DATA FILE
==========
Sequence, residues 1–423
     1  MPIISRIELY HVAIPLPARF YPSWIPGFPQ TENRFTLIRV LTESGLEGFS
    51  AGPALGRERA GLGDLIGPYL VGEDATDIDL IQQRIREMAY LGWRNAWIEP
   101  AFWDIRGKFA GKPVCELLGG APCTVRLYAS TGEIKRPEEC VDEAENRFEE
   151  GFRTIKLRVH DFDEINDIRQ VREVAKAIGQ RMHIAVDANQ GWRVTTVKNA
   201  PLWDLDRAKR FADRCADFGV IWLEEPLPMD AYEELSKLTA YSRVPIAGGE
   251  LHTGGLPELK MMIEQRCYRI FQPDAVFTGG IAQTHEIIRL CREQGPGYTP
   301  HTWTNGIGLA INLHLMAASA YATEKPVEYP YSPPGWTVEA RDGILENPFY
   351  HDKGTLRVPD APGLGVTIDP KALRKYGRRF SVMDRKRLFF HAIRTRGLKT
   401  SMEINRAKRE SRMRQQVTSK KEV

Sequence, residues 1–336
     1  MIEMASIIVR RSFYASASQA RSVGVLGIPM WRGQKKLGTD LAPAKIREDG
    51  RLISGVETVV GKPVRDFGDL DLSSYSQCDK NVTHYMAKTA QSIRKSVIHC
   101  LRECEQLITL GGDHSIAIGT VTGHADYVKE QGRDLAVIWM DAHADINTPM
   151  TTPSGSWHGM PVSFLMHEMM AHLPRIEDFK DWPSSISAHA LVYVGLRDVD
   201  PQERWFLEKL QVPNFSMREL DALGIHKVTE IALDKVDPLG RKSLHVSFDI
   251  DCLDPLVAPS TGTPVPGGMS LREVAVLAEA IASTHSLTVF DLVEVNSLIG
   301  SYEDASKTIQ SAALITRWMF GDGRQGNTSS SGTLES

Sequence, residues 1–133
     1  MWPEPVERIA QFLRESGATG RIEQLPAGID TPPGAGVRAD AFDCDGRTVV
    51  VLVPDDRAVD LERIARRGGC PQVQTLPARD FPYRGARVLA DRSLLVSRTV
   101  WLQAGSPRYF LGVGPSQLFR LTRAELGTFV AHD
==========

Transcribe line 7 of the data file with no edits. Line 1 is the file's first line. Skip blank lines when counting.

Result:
   251  LHTGGLPELK MMIEQRCYRI FQPDAVFTGG IAQTHEIIRL CREQGPGYTP